position the pipe so it’s hanging down, perpendicular to the
    top. Hold the elbow & top in position for 10-15 seconds after
    the pipe is in the correct position. Place the top on the tub
    to allow the cement to dry. Be careful not to move the pipe
    while replacing the top.

  26. Follow the directions on the cement container to
    determine drying time.

  27. If any gaps appear after the cement dries, they can be
    filled with silicone bathtub caulk. Let the caulk cure before
    apply any vacuum.

Section II

If the sides of the tub slope in at the bottom too far to
allow the pipe to extend straight down from the elbow, an
extension may have to be added to the part of the elbow that
goes into the vacuum inlet.

This can be accomplished as follows:

  1. Obtain a 1 1/2 in PVC coupling, mark 1 end.

  2. Cut a piece of 1 1/2 PVC pipe 2 inches long. Remove any
    burrs & sharp edges.

  3. Measure & record the length of the vacuum inlet (inside
    to outside).

  4. Clean any dirt, oil or grease from the inside of the
    marked end of the coupling & long pipe, the elbow & the 2 in
    long piece of pipe. Note: A cloth with acetone or alcohol
    works well for this activity.

  5. Apply a liberal coat of PVC cement to the inside of the
    marked end of the coupling.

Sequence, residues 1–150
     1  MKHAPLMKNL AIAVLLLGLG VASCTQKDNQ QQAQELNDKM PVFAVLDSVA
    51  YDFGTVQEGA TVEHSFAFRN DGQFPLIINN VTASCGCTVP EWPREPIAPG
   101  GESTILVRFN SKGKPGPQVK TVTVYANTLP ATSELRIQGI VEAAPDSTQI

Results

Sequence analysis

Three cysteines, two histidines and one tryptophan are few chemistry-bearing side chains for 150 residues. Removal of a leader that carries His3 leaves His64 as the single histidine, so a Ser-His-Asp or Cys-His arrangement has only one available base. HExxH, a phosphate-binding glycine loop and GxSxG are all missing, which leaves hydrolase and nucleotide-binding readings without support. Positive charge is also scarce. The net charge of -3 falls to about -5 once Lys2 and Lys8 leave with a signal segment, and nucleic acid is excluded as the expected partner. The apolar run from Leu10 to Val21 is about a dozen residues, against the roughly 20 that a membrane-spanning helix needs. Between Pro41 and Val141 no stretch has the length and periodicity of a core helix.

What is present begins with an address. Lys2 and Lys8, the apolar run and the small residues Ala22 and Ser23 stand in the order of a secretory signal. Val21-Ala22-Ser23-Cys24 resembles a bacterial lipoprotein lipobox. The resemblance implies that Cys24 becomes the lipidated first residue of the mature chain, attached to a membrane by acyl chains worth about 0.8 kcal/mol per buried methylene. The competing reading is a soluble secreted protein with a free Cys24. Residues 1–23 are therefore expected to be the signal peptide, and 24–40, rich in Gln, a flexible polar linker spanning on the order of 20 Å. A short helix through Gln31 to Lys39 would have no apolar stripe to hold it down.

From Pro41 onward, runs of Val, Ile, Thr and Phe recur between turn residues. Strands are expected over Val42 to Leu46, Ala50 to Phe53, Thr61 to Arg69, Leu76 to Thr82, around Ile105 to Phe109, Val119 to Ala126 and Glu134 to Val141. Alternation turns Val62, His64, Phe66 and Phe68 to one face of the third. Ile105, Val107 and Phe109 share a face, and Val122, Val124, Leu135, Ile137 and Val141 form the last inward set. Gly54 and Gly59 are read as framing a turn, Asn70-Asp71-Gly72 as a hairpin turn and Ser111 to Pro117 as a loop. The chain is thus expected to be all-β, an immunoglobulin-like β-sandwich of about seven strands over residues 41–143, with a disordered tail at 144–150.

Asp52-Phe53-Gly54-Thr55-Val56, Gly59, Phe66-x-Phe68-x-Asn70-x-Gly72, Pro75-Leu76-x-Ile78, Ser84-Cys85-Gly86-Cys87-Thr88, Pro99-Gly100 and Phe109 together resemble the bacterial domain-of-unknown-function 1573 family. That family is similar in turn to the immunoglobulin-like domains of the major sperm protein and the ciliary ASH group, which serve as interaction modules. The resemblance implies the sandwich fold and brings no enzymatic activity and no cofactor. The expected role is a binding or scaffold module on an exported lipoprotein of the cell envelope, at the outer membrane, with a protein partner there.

6. Apply a liberal coat of PVC cement to the inside of the
    elbow.

  7. Apply a liberal coat of PVC cement to both ends of the 2
    in long pipe.

  8. Insert the 2 in long pipe into the glued end of the
    coupling with a twisting motion.

  9. Insert the pipe with coupling attached, into the elbow
    with a twisting motion. Hold the assembly in position for
    10-15 seconds.

  10. Apply a liberal coat of PVC cement to the inside of the
    elbow.

  11. Apply a liberal coat of PVC cement to the marked end of
    the long pipe. The cement should cover the entire outside of
    the pipe aprox. 1 in back from the end. 1. Wait at least a
    1/2 hour for the cement to cure before continuing with the
    next steps.

  12. Insert the coupling into the vacuum inlet from the
    inside. Check to see that the elbow end does not interfere
    with any part of the vacuum. Check the fit as in steps 5 & 6
    in Section I. Also measure the distance between the outside
    end of the coupling & vacuum inlet. The assembly should be